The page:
The 'Monument Ammunition train’ in Oisterwijk is erected as a remembrance to the allied air attack on a German ammunition train in the village on 16 September 1944. As a result of this air attack the entire railway area near the Oisterwijk trainstation was destroyed together with two neighbouring farms, many houses, a shoe factory and a printing office. A miraculous total of only fifteen civilians were injured during the explosions. In a large area lots of roof tiles came down on the streets and many windows were scattered. During the clean-up of the railway area after the war remnants of the ammunition train and parts of the railway line came to surface and were later used for this monument.
The monument was revealed on 29 October 1989.
The above pictured 3x20mm shell casings are almost certain used by the Allied Typhoon
fighter aircraft which carried out the air attack on the German ammunition train.
These shell casings were found around 2002 by two Oisterwijk brothers during metal
detecting near the railroad tracks. In a field in the extension of the Nicolaas van
Esschstraat, between the railroad crossing Heusdensebaan and the railroad crossing
Nicolaas van Esschstraat, these kind of 20mm shell casings were found regularly.
20mm was a widely used calibre during the Second World War and was mainly in use
for the Hispano aircraft cannon of which several types of Allied fighters were equipped
with. Amongst those were the British Spitfire, Hurricane, Typhoon and American Mustang
and P38 fighter aircraft. Since the spot where these shell casings were found lies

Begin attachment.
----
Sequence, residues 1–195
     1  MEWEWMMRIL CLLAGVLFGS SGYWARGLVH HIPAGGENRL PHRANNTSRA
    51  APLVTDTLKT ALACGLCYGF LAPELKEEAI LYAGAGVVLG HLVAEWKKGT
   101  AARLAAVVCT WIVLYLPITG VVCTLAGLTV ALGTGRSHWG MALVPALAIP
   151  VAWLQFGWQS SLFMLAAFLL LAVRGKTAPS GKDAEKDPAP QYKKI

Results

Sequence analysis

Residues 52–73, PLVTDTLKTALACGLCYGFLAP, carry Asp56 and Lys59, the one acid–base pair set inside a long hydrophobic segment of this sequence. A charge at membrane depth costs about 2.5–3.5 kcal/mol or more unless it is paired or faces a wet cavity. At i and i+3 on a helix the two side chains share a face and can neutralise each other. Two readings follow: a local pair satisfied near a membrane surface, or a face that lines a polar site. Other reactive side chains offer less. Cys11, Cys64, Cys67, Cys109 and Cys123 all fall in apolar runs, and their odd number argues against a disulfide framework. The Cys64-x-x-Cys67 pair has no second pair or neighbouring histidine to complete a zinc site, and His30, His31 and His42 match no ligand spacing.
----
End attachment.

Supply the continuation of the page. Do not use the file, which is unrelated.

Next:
directly beneath the approach route the allied fighter aircraft presumably followed,
and because there is no other explanation for the presence of these kind of shell
casings in the ground on that location, I can safely conclude that these shell casings
came from the Typhoon fighter aircraft that attacked and destroyed the German ammunition
train. The aircraft came flying in from the direction of the village Haaren, followed
the railroad tracks and fired their cannons and rockets at the moment they were in
range of the German ammunition train. That moment or point was near the beginning
of the Nicolaas van Esschstraat. While the aircraft fired their cannons the empty
shell casings fell directly down to earth and, in this way, ended up on the field
besides the railroad tracks. The cannon the Typhoon fighter aircraft was equipped
with was a ‘Hispano Mk.II’ cannon. The shell casings are all have codes on the bottom.
These codes tell in which year and in which munitions factory these shell casings
were produced, also the calibre of the casings is engraved in millimetre.
The codes and code translation are as follows;
ST-43-20mm: Royal Ordnance Factory, Steaton, UK
RH-44-20mm: Raleigh Cycle Co., Lts., Nottingham, England, UK
GB-1943-20mm: Greenwood & Batley Ltd, UK
Pictures of shell casings courtesy of Marco vd Berg